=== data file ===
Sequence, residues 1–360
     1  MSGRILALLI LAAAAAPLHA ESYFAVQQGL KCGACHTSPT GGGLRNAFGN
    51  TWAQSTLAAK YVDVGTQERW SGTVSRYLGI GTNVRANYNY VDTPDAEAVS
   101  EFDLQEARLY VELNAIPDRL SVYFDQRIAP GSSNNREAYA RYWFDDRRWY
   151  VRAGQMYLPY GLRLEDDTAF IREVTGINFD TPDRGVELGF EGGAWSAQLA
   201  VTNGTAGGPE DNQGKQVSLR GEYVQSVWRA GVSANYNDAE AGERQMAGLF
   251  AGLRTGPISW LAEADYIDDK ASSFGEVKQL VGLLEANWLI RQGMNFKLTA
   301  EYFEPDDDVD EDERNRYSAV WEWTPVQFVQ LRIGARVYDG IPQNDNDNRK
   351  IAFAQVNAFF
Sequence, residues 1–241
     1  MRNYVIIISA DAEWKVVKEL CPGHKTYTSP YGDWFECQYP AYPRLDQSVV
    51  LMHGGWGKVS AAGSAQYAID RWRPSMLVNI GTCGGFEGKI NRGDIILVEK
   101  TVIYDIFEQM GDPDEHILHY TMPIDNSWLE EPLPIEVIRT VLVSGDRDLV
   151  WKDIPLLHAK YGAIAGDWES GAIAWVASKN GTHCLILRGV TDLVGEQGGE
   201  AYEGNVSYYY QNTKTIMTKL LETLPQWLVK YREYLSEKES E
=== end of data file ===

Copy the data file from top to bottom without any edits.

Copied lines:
Sequence, residues 1–360
     1  MSGRILALLI LAAAAAPLHA ESYFAVQQGL KCGACHTSPT GGGLRNAFGN
    51  TWAQSTLAAK YVDVGTQERW SGTVSRYLGI GTNVRANYNY VDTPDAEAVS
   101  EFDLQEARLY VELNAIPDRL SVYFDQRIAP GSSNNREAYA RYWFDDRRWY
   151  VRAGQMYLPY GLRLEDDTAF IREVTGINFD TPDRGVELGF EGGAWSAQLA
   201  VTNGTAGGPE DNQGKQVSLR GEYVQSVWRA GVSANYNDAE AGERQMAGLF
   251  AGLRTGPISW LAEADYIDDK ASSFGEVKQL VGLLEANWLI RQGMNFKLTA
   301  EYFEPDDDVD EDERNRYSAV WEWTPVQFVQ LRIGARVYDG IPQNDNDNRK
   351  IAFAQVNAFF
Sequence, residues 1–241
     1  MRNYVIIISA DAEWKVVKEL CPGHKTYTSP YGDWFECQYP AYPRLDQSVV
    51  LMHGGWGKVS AAGSAQYAID RWRPSMLVNI GTCGGFEGKI NRGDIILVEK
   101  TVIYDIFEQM GDPDEHILHY TMPIDNSWLE EPLPIEVIRT VLVSGDRDLV
   151  WKDIPLLHAK YGAIAGDWES GAIAWVASKN GTHCLILRGV TDLVGEQGGE
   201  AYEGNVSYYY QNTKTIMTKL LETLPQWLVK YREYLSEKES E